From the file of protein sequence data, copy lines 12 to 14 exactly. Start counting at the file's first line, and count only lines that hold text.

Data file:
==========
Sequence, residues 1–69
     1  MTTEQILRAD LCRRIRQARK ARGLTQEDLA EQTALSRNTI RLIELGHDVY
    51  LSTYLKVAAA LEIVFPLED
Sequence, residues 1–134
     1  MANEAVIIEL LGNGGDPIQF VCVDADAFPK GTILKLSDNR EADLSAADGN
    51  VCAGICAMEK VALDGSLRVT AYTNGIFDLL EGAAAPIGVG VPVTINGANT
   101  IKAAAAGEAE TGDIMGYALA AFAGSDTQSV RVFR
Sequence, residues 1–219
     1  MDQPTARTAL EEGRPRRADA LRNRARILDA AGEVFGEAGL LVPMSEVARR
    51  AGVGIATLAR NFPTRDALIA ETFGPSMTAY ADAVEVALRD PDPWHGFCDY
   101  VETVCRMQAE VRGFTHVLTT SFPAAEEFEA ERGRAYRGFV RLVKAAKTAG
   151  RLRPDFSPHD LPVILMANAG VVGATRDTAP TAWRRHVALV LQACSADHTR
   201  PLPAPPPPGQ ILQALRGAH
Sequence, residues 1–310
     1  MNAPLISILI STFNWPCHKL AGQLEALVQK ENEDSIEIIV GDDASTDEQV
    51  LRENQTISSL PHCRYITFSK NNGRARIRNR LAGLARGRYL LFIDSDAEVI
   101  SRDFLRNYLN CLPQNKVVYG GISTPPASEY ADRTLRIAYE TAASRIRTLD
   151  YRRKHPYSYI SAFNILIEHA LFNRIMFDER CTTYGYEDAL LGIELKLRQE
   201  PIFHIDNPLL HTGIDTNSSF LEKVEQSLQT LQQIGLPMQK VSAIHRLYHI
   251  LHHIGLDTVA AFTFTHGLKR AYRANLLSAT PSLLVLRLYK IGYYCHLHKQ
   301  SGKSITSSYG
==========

   151  RLRPDFSPHD LPVILMANAG VVGATRDTAP TAWRRHVALV LQACSADHTR
   201  PLPAPPPPGQ ILQALRGAH
Sequence, residues 1–310